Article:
If criminal silks have to be hungry and ready for a battle, the juniors know they also have to stand out from the pack. One leading practitioner says they should inspire the client, as well as being good value and capable.
At David Cocks QC's set at 5 King's Bench Walk, up and coming juniors include David Etherington and Richard Kovalevsky, and Kim Jenkins at 1 Gray's Inn Square, who is a “very safe pair of hands”.
At 2 King's Bench Walk, Michael Bowes is “very computer-literate and incredibly hard-working”, which is useful for white collar crime cases.
At 14 Tooks Court, the juniors to note are Alan Conrad, Vera Baird “who is used as a leader”, and John Reilly, Joel Bennathan and Anne Shamash.
At Furnival Chambers, those singled out are Stephen Holt, Vincent Coughlin, Diane Hurtley and Nicola Merrick. Votes also went to Michael Grieve, Paul Bogan, and Jill Evans “who is good on difficult issues” at Doughty Street Chambers, as well as to Philip Hackett and Michael Turner at Cloisters, Peter Pimm at Bank House Chambers, Sheffield, and Michael Wolkind at 10 King's Bench Walk. Other juniors to keep an eye on are, at 2 Garden Court, Ken Macdonald, Henry Blaxland, Courtenay Griffiths, Simon Farrell and Anthony Jennings.
Senior junior Peter Clarke, and middle ranking Edward Brown, John Kelsey-Fry, William Boyce, Ian Winter, Mark Ellison and Anthony Wilcken at Queen Elizabeth Building have all impressed.
Simon Stafford-Michael at 4 King's Bench Walk is “intellectually acute, imaginative and enthusiastic”, and Bruce Stuart and David Hood are noted.
At 9-12 Bell Yard, John Harwood-Stevenson, Tudor Owen and Mark Bryant-Heron, Mukul Chawla and Michael Egan are highly rated.
George Carter-Stevenson is “brilliant” at 3 Gray's Inn Square. Others are Philip Statman, Diana Ellis and Penny Barrett, who is “one to watch”.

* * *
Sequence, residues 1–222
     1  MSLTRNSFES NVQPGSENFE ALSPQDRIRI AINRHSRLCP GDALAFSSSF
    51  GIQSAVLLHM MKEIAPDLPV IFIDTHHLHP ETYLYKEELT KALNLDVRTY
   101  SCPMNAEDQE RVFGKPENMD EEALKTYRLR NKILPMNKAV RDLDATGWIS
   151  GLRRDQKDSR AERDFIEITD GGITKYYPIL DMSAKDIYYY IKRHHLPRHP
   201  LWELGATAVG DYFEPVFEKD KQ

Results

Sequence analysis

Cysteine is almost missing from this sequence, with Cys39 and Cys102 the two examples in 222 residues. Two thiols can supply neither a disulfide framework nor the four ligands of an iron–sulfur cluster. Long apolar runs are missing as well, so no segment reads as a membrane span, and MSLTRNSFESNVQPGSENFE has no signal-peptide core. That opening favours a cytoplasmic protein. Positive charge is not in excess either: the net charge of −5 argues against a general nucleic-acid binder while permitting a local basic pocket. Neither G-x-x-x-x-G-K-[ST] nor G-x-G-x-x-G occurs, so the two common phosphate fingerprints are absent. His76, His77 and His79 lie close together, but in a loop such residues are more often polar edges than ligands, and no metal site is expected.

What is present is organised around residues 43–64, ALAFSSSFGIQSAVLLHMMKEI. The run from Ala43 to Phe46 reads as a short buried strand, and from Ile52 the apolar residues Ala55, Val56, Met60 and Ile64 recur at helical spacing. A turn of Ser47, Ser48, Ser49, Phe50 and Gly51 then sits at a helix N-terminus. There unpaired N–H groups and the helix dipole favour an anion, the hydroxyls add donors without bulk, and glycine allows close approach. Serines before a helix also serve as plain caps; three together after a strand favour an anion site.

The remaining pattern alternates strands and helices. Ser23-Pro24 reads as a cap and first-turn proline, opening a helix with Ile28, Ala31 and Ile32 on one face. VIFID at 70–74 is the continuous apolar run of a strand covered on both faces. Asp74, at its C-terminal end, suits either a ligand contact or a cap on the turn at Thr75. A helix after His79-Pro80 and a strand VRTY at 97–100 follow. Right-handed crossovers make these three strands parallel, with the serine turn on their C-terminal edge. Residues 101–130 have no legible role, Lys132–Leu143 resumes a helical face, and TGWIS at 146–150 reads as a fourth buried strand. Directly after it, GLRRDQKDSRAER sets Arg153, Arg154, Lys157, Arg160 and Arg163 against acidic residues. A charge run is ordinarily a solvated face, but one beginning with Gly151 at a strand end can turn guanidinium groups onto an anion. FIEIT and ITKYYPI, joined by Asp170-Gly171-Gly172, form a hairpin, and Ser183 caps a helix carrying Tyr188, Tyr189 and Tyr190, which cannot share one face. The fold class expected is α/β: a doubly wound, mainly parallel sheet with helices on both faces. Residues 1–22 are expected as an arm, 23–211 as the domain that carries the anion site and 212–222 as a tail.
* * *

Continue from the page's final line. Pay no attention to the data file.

At 1 Paper Buildings, Karim Khalil and Stephen Spence, and at 1 Crown Office Row, Stephen Winberg, Orlando Pownall, Trevor Burke, and Sasha Wass are noted. Nigel Lambert is “knocking on silkship”.
David Perry, Simon Denison, and Jonathan Turner at 6 King's Bench Walk and, at 2 Harcourt Buildings, Patrick Gibbs and Aftab Jafferjee have impressed. 3 Raymond Buildings, houses the “excellent” Michael Bromley-Martin, James Rankin “a rarity, very solid”, and Alex Cameron and Helen Malcolm; 3 Hare Court has Charles Conway, Peter Lodder, James Sturman and Mark Milliken-Smith; and 36 Essex Street has James Richardson, Michael Wood and Charles Miskin, who are all noted for their technical awareness.
Others noted are Sallie Bennett-Jenkins at 1 Hare Court, Alan Jenkins at 6 Pump Court, for both crime and fraud, Jeremy Gold at 1 Gray's Inn Square, Anthony Ventham at Mitre House Chambers, Richard Fortune at 4 Brick Court Chambers, David Batcup at 2 Dr Johnson's Buildings, Tim Kendall at 3 Temple Gardens, and Notu Hoon at 2 Paper Buildings.
In Manchester, John Bromley-Davenport, and at Lincoln House Chambers James Gregory, Campbell Tait, Peter Wright and Andrew Nuttall are impressive. “Super junior” Philip Andrews is at Young Street Chambers, and in Bradford's Broadway House, Roger Thomas and Michele Colborne have impressed.
The Corn Exchange, Liverpool has Henry Riding who is “a solid performer” and “excellent” Janet Reaney, and at Victoria Chambers, Brian Jones has been used to good effect.
In Leeds, the names to note include Gerald Lumley at 9 Woodhouse Square, and Colin Harvey at St Paul's House.
Two sets in the Midlands with impressive juniors are 1 Fountain Court with Melbourne Inman, Malcolm Morse, and John Wait, and 3 Fountain Court with Robert Juckes, Andrew Jackson, David Mason, Philip Parker and Trevor Faber. Patrick Thomas at 4 Fountain Court is also noted.
Neil Ford, Martin Picton, Patrick Burrowes and Michael Cullum are all mentioned, as is Brian Lett at South Western Chambers, Taunton.